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Climate justice pilgrims enter Scotland after 100 days of walking across Europe

 

The group has come together ahead of COP26

After more than 1,800 kilometres for some, a group of pilgrims walking to Glasgow for COP26 has entered Scotland on their way to the global climate summit.  

The group of 30 people have brought their energy and tired feet into Scotland, with some having walked as far as Sweden, Poland and Germany.  

The Ecumenical Pilgrimage for Climate Justice joins people of Christian faith with a common goal of holding those in power to account, and inspiring  them to take action at COP26. The group will continue walking through Scotland to Glasgow on 29 October ahead of the conference.   

The Scottish Catholic International Aid Fund (SCIAF) is assisting the pilgrims on the final leg of the journey in Scotland, by helping arrange accommodation and food, with the support of local communities.  

Gustav Fredriksson quit his job to join the pilgrimage and has walked over 1,800 kilometres since 19 July from Sweden. He said: “I’ve been thinking more about what I can practically do and when you walk, you have more time to think. I thought, how could I have been so ignorant. I’ve become a vegetarian while on this journey and I’ve thought more about flying less within Europe, consuming less generally and living a simple lifestyle. We all need to think about changing our lifestyles.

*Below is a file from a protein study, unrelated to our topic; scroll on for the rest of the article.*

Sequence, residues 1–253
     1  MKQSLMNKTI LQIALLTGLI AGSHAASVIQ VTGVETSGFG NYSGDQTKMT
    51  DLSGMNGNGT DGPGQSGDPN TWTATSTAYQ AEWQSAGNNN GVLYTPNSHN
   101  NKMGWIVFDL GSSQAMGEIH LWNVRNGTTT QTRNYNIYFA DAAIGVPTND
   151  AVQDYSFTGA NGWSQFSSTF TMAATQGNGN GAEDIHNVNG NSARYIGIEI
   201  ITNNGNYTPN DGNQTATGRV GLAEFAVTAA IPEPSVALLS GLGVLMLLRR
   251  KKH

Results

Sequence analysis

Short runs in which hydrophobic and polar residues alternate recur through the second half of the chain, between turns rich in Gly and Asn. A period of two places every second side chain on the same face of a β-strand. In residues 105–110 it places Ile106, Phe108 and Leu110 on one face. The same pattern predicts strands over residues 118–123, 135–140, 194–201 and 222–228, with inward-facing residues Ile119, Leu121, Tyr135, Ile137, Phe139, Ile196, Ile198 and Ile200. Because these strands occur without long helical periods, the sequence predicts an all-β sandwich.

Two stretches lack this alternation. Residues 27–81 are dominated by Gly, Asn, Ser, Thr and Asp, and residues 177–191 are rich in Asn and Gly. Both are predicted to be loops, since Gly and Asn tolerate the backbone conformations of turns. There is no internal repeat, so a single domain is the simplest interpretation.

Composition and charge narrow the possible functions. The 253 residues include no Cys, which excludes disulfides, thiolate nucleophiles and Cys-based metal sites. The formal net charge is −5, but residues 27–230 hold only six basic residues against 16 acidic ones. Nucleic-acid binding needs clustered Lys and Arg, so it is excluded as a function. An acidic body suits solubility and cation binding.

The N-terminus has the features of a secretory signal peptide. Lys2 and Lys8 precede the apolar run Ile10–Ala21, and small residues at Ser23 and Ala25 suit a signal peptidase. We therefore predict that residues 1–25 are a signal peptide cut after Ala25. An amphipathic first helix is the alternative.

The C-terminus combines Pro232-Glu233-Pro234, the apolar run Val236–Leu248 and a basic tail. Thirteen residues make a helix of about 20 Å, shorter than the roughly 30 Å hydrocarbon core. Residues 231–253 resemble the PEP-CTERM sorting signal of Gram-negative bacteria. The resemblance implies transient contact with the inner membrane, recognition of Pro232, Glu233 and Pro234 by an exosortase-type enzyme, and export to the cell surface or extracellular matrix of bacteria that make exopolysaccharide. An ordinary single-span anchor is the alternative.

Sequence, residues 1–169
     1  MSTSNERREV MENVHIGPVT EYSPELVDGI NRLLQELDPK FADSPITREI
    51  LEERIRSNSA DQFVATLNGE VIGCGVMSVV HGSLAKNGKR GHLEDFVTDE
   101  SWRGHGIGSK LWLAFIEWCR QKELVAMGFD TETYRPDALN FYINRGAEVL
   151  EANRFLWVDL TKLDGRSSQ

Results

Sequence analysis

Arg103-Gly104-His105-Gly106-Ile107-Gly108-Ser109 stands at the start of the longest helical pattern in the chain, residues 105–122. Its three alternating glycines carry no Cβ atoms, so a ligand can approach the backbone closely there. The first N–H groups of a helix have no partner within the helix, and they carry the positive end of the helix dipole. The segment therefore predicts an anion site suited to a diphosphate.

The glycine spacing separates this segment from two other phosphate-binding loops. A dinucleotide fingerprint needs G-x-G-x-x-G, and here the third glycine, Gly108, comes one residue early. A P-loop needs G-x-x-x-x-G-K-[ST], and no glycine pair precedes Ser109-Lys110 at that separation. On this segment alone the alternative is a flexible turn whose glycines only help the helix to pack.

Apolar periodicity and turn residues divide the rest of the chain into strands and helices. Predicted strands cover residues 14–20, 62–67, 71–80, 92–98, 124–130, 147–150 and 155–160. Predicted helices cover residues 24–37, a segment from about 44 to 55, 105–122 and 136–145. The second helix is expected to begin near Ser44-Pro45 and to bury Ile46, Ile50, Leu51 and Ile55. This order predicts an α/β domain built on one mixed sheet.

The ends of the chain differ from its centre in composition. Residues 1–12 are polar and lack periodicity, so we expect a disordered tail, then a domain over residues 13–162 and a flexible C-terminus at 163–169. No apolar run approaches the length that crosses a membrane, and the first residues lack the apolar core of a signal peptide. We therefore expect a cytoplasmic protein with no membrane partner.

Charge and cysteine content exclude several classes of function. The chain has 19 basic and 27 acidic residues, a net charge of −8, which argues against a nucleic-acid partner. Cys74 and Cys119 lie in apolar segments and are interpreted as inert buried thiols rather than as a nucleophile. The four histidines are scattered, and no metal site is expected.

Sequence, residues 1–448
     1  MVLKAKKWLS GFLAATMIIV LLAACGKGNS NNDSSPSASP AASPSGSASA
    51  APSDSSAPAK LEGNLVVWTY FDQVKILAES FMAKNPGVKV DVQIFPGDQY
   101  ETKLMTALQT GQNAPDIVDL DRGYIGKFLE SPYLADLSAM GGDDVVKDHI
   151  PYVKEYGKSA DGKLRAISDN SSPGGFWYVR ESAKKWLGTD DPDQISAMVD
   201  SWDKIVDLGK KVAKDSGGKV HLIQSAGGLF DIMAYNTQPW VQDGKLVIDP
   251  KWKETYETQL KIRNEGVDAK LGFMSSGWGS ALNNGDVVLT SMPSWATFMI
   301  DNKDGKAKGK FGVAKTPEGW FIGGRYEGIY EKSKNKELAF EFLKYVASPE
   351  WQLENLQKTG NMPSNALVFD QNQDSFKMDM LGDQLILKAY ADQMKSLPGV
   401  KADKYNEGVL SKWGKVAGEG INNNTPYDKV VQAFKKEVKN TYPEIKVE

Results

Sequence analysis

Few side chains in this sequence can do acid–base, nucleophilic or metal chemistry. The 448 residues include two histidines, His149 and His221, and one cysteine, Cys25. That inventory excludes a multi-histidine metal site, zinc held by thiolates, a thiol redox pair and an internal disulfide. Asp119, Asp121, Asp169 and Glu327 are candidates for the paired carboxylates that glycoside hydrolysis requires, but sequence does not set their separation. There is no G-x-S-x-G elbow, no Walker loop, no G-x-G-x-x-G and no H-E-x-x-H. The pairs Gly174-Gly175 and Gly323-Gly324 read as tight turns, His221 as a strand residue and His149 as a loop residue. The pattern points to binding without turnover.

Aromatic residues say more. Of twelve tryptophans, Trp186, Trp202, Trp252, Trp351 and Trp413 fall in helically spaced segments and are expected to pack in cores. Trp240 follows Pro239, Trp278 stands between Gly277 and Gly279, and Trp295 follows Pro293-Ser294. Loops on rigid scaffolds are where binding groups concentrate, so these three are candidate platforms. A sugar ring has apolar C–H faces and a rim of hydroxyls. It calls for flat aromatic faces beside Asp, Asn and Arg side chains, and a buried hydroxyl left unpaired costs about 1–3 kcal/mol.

“It’s great to be in Scotland, the people are nice and friendly here, and there is so much beauty. The first day in Scotland was the best day so far of our journey.”  

Nikki Neesam, community engagement officer, SCIAF, said: “We wanted to make sure we gave the pilgrims a Scottish welcome and help spread their message here. With the help of our supporters and local parishes across Scotland, we’ve been able to support the pilgrims with their stay on the way to Glasgow.”  

Chris Böer, one of the organisers from Germany, said: “All along the way, we have met people who seen how far the group has walked, the energy they have, the important message they carry, and their hopes for climate change. Meeting so many people along the way, it’s been emotional and we feel supported to make it all the way to Glasgow.”  

Wolfgang Löbnitz, one of the organisers, has also travelled from Germany. He is a seasoned pilgrim – this is his fifth pilgrimage to a COP. He commented: “I am married, with children, grandchildren and a great grandson back home. I’m walking for my kids. The future generation must be saved.” 

 

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